Model Server for Apache MXNet introduces ONNX support and Amazon CloudWatch integration
Today AWS released version 0.2 of Model Server for Apache MXNet (MMS), an open-source library that packages and serves deep learning models for making predictions at scale. Now you can serve models in Open Neural Network Exchange (ONNX) format and publish operational metrics directly to Amazon CloudWatch, where you can create dashboards and alarms.
What is MMS?
MSS is an open-source library that simplifies deploying deep learning models for inference at scale. MMS provides the following:
- Tooling to package model artifacts into a single model archive. The archive encapsulates all of the artifacts needed to serve the model.
- The ability to customize every step in the inference execution pipeline using custom code packaged in the model archive.
- A preconfigured serving stack, including REST API endpoints and an inference engine.
- For serving scalable models, Docker images that include MMS, MXNet, and nginx.
- Real-time operational metrics for monitoring MMS and endpoints.
Introducing ONNX model serving
ONNX enables interoperability between deep learning frameworks. With MMS version 0.2, you can use MMS to serve ONNX models created with any framework that supports ONNX. This includes PyTorch, Caffe2, Microsoft Cognitive Toolkit (CNTK), and Chainer.
To get started serving ONNX models, see the MMS ONNX Serving documentation.
Publishing model serving metrics to CloudWatch
This release includes integration with CloudWatch, a monitoring service for cloud resources and applications. You can use CloudWatch to collect and track metrics, set alarms, and automatically react to changes.
MMS is now integrated directly with CloudWatch APIs, making it easy to publish operational metrics to CloudWatch. Monitoring operational metrics in near real time is critical to any production service.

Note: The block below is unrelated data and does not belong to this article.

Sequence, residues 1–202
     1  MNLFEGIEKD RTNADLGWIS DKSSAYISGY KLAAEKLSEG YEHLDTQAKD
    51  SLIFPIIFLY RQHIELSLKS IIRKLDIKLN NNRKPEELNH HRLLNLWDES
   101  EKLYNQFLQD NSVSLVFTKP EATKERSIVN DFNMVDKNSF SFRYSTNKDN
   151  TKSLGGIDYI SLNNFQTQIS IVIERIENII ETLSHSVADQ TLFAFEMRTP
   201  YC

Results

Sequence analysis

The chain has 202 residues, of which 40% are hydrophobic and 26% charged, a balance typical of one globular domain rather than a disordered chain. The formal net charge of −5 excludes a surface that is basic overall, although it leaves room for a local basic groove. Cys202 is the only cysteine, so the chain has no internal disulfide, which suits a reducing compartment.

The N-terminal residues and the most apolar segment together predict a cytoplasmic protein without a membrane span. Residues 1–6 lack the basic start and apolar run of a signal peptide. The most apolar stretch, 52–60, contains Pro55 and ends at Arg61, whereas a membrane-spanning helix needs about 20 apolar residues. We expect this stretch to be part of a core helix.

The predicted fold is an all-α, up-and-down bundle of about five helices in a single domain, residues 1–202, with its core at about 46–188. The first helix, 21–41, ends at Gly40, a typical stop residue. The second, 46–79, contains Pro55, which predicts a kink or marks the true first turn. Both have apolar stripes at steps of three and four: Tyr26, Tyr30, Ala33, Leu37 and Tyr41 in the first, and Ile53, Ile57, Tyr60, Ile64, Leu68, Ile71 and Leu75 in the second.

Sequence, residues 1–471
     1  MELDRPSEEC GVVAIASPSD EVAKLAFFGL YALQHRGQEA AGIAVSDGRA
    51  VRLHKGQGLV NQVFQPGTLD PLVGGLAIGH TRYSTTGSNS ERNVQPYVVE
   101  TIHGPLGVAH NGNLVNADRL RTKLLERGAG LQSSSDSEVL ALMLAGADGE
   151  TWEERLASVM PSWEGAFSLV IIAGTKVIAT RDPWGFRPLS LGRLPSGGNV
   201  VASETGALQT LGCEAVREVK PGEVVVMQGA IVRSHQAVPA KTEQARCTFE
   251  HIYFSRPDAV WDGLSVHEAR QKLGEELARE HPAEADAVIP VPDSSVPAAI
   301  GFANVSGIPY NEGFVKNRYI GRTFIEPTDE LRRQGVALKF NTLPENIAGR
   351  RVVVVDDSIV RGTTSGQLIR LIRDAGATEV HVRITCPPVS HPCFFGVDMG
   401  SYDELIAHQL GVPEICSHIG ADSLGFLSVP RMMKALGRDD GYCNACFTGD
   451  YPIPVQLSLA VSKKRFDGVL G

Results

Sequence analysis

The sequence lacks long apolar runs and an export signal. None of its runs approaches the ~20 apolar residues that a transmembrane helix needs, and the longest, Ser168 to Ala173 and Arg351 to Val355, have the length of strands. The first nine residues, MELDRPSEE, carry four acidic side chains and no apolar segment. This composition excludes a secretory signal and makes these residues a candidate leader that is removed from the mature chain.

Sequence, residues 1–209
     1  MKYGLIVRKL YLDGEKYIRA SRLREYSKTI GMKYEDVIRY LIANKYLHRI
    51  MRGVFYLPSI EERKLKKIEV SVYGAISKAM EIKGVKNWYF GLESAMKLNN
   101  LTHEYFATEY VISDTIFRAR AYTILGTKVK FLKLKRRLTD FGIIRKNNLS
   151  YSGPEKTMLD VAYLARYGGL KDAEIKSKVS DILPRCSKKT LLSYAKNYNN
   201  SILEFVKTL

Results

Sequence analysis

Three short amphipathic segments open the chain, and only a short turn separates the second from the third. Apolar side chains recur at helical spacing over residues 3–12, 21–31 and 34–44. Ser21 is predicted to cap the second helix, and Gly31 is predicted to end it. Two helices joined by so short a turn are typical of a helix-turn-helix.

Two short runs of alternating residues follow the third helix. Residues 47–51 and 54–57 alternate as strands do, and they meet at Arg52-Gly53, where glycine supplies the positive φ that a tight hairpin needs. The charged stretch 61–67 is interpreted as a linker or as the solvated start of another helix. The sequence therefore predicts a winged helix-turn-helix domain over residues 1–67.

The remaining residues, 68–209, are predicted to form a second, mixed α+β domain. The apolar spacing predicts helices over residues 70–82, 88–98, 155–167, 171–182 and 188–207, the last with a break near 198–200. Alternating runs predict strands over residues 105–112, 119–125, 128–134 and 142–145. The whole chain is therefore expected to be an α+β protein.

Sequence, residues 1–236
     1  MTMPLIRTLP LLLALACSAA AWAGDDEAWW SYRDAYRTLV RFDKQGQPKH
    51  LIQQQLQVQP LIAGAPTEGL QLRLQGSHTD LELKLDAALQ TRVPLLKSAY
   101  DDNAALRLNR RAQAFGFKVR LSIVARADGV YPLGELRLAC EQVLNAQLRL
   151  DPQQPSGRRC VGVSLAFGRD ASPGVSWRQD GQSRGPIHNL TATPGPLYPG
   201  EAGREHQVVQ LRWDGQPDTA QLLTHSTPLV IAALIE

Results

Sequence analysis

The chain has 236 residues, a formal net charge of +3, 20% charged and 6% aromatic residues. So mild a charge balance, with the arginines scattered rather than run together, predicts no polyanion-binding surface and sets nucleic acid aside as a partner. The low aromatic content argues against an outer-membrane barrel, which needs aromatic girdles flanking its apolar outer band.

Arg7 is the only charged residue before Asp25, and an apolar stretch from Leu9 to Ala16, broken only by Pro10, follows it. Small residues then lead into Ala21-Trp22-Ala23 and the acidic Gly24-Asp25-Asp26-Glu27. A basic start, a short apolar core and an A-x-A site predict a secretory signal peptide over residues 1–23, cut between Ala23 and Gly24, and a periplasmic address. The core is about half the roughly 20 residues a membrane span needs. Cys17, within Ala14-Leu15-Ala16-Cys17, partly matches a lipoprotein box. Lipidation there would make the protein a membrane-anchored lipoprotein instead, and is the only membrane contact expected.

MMS reports model serving metrics, such as request counts, errors, latencies, and host resource utilization for CPU, memory, and disk. With CloudWatch integration, you can take advantage of a web-based dashboard, metrics rendering in real time, and the ability to configure triggers and alerts.
To get started with CloudWatch integration for MMS, see the MMS CloudWatch Metrics documentation.
Learn more and contribute
To learn more about MMS, start with our Single Shot Multi Object Detection (SSD) tutorial, which walks you through exporting and serving an SSD model. You can find more examples and documentation in the repository’s model zoo and documentation folder.
As we continue to develop MMS, we welcome community participation submitted as questions, requests, and contributions. Head over to awslabs/mxnet-model-server to get started!
About the authors
Hagay Lupesko is an Engineering Leader for AWS Deep Learning. He focuses on building deep learning systems that enable developers and scientists to build intelligent applications. In his spare time, he enjoys reading, hiking, and spending time with his family.
Jonathan Esterhazy is a Senior Software Engineer with AWS Deep Learning. He builds tools and systems that make it easier to train and deploy deep learning systems at scale.
Ruofei Yu is a Software Engineer for AWS Deep Learning. He focuses on building innovative deep learning tools for software engineers and scientists. In his spare time, he enjoys spending time with friends and family.